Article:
I use mysql and it takes up to 2.5 GB of my ram. I checked activity monitor and saw that I have 1GB of inactive memory but it never changes even if I have only 10MB active free memory. Is there any way to force the inactive memory to be used?

2 Answers 2


You can think of inactive memory like free memory that's been reserved for a recently closed application, but ready to be consumed by other uses when the 'truly' free memory has been exhausted. If you have 1 GB of memory (for the sake of making this discussion easier) on a freshly booted system, imagine the OS uses 300 MB and you open an app that uses 200 MB. You now have a total of 500 MB used, and 500 free. If you close that app that was using 200 MB, the memory is marked inactive and you'll now have 300 used (OS), 200 inactive, and 500 free. If you open an app that requires 600 MB, it'll use the free memory then pull from the inactive pool.

You can free inactive memory by opening Terminal.app and typing (without the $):

 $ purge

You can, also configure MySQL to use more memory but if you're not having performance problems I'd leave everything alone:

For more information on inactive memory in OS X:

  • 1
    @PierreBdR What's the basis for your assertion? Have you used a kernel debugger and actually tracked a candidate physical page on the inactive list and watched as an [otherwise still] active page was [not put on the inactive list but ] paged directly out with another virtual page taking the newly freed physical page? Have you looked at the kernel memory management code and found a bug?
    – jhfrontz
    Jul 1, 2014 at 22:59
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    @PierreBdR that doesn't prove your point. There are many other variables to the experiment that you're not controlling for (e.g., concurrent open applications/files, history of applications/files/work done since boot time, etc.). In your experiment, you'd need to know exactly what is on the "inactive list" and how dynamic it is with respect to the EXACT ADDRESS & CONTENT OF PAGES PRESENT, not the count of pages; the count of pages (which as you saw -- and as I would expect) remain fairly constant unless you change the active applications/workload, kernel tune/watermark-threshold values, etc.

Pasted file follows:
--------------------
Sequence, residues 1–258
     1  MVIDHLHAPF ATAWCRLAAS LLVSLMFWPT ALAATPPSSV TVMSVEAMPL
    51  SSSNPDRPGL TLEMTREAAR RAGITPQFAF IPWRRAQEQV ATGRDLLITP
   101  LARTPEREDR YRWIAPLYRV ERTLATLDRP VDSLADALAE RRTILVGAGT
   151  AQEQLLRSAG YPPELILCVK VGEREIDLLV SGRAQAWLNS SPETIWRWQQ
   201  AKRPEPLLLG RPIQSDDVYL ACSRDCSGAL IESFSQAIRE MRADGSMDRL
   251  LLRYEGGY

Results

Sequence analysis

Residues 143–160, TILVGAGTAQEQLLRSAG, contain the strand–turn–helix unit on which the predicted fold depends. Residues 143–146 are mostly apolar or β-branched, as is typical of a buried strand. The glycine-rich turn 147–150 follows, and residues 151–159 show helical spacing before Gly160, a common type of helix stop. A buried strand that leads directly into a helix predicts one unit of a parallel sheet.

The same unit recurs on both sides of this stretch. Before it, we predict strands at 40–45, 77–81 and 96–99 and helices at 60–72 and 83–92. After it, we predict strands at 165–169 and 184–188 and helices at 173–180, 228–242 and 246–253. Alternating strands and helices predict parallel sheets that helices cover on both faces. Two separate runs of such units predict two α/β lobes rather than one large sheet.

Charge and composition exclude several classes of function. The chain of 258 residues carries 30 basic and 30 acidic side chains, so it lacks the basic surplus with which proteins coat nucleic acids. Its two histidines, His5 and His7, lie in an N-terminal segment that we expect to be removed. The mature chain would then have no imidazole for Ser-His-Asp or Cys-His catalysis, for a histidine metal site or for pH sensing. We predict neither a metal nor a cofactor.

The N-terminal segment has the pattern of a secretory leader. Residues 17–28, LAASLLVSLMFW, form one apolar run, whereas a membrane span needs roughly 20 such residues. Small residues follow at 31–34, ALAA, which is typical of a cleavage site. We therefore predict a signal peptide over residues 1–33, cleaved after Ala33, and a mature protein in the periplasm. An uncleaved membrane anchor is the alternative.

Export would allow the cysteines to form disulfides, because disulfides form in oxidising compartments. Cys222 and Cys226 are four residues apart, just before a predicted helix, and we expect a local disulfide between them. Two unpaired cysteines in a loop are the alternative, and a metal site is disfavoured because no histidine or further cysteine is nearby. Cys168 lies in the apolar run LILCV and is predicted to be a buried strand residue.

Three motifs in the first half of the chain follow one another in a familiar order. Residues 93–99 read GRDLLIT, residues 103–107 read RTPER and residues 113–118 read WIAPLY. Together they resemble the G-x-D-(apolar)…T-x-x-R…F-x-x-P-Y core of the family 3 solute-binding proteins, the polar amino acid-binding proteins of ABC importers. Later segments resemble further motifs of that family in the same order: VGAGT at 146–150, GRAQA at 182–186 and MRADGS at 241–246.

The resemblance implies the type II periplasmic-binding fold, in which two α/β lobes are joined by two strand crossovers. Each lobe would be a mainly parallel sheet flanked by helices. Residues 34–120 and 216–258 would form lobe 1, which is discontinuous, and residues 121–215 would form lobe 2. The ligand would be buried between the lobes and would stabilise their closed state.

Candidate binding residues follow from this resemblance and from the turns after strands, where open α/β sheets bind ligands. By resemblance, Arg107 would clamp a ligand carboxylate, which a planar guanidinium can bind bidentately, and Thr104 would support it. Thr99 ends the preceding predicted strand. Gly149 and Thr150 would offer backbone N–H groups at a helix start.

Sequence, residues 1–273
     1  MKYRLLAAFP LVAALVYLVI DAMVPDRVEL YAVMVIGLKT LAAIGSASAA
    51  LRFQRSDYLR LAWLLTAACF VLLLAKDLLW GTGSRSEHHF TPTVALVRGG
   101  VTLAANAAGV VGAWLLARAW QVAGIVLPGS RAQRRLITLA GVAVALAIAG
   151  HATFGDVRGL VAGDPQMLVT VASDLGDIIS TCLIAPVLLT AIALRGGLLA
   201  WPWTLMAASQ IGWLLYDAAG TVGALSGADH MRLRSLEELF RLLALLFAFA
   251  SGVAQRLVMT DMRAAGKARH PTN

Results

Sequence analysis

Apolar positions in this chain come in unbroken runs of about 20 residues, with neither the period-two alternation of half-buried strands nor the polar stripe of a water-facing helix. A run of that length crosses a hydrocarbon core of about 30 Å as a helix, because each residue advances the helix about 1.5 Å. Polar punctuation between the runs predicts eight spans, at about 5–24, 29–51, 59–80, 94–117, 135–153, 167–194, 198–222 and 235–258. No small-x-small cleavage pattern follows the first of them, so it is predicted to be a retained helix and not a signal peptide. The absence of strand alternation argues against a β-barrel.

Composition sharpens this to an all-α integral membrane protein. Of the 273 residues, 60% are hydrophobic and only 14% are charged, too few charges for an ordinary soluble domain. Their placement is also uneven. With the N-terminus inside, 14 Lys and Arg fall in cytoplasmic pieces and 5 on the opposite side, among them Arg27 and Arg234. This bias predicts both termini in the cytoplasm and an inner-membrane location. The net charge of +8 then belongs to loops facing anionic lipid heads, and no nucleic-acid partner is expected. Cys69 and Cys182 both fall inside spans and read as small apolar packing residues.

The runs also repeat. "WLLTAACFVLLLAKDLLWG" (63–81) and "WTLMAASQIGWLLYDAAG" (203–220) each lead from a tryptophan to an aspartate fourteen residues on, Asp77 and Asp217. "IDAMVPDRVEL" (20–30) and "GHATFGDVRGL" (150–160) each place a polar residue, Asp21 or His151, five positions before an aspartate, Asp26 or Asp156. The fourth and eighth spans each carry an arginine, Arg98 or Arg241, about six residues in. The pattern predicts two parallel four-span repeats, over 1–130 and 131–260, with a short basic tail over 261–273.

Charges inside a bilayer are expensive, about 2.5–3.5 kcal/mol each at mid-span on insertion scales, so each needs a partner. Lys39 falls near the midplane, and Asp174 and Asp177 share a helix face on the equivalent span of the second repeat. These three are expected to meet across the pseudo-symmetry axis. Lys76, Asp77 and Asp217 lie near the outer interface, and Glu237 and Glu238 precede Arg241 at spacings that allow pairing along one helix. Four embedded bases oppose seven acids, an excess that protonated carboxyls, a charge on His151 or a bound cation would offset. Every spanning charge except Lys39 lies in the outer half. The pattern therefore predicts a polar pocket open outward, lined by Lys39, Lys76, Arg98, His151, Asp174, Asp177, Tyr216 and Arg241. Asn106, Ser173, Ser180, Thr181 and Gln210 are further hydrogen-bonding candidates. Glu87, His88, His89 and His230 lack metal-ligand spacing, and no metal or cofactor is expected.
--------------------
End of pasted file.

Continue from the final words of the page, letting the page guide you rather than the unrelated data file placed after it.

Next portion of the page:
– jhfrontz
    Jul 10, 2014 at 14:53
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    @PierreBdR the only "reports" I've ever seen are from people who don't understand how virtual memory works. See apple.stackexchange.com/a/67048/10389 for an excellent discussion by bmike.
    – jhfrontz
    Jul 11, 2014 at 16:10
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    @PierreBdR You continue to make assertions without giving any definitive proof/citations. I again refer you to apple.stackexchange.com/a/67048/10389 and invite you to share how you know otherwise.
    – jhfrontz
    Jul 14, 2014 at 14:01
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    @PierreBdR That people do ridiculous things doesn't mean they're well-reasoned (look up "Cargo cult science"). And I again ask: how do you KNOW that it wasn't pulling pages from the inactive list? Just because the count remained the same doesn't mean that it wasn't pulling them off-- instead, it means that they were being put on as fast as they were taken off (i.e., you have insufficient physical memory). I again invite you to read this and actually learn how VM works: developer.apple.com/library/mac/documentation/Performance/…
    – jhfrontz
    Jul 14, 2014 at 21:37

To expand Aaron's answer:

Your case could be a problem with MySQL taking too much resources, but Inactive Memory is like Free Memory for the Operating System. The difference between Inactive and Free is that Inactive was recently used, so if you for example open iTunes and it uses 200MB, when you close it, the program gets closed, the memory of iTunes marked as Inactive but it remains like that unless its needed again. But if you happen to re-open iTunes, OS X knows that it's there already and inactive, so it marks it as active again and voilá, that was faster than having to reload it from the slower hard drive.

Provide more information about your computer to help find the cause of your "slow" system.

update: Here's more info about Memory and OS X (from Apple):


  • for example I have this in my activity monitor : mysqld -> 2.2 GB oovoo -> 190 MB kernel -> 150 MB firefox -> 148 MB and other apps. I have 26MB free memory and 1GB inactive memory and my system is a little slow right now but my inactive memory does not change.
    – AliBZ
    Mar 17, 2011 at 20:32
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    @AliBZ: Is the "Swap outs" count in Activity Monitor climbing? That's the best indicator I know of that the system is really out of useable RAM (and having to swap memory contents out to disk to make room). Note that "Page ins" are not a useful indicator, as they'll climb every time a program is launched from disk (unless it happens to be already in inactive RAM). Mar 17, 2011 at 23:51

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